This tutorial demonstrates how to obtain an offset
of a surface or a set of surfaces. An offset is a surface
situated at a constant distance of a starting surface.
You should already have read how to select zones and how to open applets. [Dowload sample file].
First open Surf::tkFilterSurfs by right-clicking
on the Surf menu and choosing tkFilterSurfs.
Step 1: setting the point density
This will set the point density of the offset surface,
that is the number of points for a length unit.
For this tutorial, you can enter in the left text box: 10.
To find this value by yourself, a good practice
is to use the point density of the input surface. To get it,
Click on "Measure mode" to be able to measure distance on geometries.
Then, shift+click two times on
the surface to get the approximate size of en element.
The distance appears in the text box, under the tool bar.
Enter the density as the inverse of this distance.
Finally, click again on "Measure mode" to exit the measure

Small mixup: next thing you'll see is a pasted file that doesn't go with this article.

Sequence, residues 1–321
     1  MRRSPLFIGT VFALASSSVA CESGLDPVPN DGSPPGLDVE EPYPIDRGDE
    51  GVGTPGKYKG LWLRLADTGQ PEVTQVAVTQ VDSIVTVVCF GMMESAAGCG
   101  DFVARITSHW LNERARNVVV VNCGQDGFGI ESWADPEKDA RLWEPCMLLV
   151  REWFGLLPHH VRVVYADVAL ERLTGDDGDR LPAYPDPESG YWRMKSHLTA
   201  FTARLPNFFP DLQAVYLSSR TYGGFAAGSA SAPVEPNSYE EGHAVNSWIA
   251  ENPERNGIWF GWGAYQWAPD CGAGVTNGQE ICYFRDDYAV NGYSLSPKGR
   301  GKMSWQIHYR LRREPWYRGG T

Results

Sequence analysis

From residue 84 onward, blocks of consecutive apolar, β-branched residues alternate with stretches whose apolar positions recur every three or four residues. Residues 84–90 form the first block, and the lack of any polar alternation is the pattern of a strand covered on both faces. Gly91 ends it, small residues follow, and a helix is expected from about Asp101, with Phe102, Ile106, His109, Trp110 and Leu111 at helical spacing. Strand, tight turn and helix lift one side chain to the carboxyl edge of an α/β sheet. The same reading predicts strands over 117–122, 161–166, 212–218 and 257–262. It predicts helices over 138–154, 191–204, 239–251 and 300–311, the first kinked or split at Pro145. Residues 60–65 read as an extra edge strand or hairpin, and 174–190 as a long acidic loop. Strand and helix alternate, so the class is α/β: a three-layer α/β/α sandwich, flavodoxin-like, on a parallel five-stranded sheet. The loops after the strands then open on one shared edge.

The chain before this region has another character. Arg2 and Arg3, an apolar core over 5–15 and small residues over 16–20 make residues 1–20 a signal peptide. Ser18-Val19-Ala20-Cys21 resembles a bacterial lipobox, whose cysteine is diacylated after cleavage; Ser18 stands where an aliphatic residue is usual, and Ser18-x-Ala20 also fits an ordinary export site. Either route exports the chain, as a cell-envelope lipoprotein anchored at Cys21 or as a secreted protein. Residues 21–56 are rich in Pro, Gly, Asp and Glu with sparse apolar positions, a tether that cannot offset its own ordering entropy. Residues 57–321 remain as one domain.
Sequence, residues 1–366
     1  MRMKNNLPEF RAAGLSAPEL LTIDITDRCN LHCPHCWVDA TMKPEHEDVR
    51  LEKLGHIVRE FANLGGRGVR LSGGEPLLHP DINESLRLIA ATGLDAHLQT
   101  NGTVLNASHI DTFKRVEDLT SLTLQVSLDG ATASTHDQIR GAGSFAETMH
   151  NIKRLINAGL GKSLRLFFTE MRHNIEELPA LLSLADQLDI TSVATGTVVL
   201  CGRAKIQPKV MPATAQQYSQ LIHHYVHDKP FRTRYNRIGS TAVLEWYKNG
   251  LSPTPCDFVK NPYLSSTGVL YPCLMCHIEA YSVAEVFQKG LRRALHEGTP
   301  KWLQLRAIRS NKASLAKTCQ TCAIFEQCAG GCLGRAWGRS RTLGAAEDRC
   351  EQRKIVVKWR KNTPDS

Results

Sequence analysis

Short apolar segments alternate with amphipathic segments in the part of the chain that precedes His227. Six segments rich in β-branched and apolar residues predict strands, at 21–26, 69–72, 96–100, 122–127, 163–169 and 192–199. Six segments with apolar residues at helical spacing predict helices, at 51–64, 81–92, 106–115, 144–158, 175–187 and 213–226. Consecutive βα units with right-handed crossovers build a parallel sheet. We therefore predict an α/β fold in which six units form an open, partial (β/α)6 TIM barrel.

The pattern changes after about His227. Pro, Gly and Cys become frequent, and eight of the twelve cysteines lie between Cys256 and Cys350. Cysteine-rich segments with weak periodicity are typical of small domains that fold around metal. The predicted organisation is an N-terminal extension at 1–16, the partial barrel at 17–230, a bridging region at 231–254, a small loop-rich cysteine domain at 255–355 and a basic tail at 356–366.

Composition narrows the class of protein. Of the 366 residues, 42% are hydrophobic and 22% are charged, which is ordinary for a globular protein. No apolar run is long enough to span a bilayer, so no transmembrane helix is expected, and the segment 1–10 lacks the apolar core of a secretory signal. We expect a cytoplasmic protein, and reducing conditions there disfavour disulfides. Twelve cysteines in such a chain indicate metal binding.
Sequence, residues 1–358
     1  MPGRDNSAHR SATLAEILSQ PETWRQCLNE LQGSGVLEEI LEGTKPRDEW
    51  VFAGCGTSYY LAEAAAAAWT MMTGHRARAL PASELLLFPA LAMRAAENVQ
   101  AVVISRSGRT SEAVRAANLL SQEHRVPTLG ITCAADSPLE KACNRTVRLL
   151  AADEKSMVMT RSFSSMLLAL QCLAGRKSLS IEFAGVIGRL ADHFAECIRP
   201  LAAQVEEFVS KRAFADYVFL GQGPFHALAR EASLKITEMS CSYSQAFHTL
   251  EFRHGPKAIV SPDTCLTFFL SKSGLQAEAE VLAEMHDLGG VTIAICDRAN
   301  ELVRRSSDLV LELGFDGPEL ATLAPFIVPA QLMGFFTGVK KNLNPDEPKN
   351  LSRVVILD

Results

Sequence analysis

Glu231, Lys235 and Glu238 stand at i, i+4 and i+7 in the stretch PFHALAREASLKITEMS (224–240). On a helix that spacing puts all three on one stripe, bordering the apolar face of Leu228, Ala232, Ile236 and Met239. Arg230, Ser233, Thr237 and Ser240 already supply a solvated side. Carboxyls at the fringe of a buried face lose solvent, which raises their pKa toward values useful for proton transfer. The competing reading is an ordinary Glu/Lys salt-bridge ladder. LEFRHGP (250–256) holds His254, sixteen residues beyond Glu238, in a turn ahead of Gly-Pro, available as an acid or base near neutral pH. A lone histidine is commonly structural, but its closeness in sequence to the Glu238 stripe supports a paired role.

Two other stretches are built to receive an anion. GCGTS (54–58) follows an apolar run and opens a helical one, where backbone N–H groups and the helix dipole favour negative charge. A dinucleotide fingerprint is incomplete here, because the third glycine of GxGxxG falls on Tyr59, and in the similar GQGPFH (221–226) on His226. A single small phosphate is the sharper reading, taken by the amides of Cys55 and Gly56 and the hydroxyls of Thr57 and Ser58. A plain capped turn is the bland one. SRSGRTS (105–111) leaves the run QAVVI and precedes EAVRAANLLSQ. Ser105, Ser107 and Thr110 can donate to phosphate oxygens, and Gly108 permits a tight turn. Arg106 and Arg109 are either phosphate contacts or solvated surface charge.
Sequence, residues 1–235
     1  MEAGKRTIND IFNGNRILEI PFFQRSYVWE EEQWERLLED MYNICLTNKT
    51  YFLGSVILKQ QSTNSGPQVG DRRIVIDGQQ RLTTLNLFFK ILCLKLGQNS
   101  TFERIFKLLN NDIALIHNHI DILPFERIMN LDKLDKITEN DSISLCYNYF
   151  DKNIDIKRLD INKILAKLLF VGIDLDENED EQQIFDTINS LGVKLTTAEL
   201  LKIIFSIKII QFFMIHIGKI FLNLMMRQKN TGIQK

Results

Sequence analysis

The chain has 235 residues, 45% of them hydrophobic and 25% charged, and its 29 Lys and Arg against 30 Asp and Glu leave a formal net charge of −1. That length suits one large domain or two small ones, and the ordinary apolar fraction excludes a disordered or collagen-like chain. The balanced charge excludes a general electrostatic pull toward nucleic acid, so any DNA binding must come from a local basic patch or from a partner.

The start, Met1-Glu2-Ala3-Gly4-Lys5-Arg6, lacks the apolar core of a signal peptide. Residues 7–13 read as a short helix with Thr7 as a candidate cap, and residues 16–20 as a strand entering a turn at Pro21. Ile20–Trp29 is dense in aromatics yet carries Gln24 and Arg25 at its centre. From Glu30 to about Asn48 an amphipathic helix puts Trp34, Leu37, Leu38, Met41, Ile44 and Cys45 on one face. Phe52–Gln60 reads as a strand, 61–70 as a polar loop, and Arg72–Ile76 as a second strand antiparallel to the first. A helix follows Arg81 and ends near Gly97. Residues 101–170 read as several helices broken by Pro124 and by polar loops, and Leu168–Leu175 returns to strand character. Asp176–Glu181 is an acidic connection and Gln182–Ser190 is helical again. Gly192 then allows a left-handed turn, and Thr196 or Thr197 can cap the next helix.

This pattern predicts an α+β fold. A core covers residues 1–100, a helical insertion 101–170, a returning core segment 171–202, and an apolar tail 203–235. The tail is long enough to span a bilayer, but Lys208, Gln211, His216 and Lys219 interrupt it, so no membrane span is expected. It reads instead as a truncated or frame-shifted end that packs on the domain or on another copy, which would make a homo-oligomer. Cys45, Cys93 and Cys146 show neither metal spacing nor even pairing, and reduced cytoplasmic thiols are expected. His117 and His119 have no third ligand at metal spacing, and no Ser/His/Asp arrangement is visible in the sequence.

Step 2: set the offset distance
Enter the offset distance in the right text box of the
tkFilterSurf applet. If the surface
is closed, you can specify a negative offset value. That will
correspond to an offset inside the surface.
For this tutorial, you can try: 0.1.
Step 3: select Cartesian/octree
In the check box, select octree if the surface has many elements
or the offset distance is very far from the surface, otherwise
let the check box uncheck.
Step 4: select the surfaces you want to offset
Select the surface or surfaces you want to offset by shift+left+clicking
in the graphic window or in the tkTree.
Then press, the Filter/Offset button. You should obtain :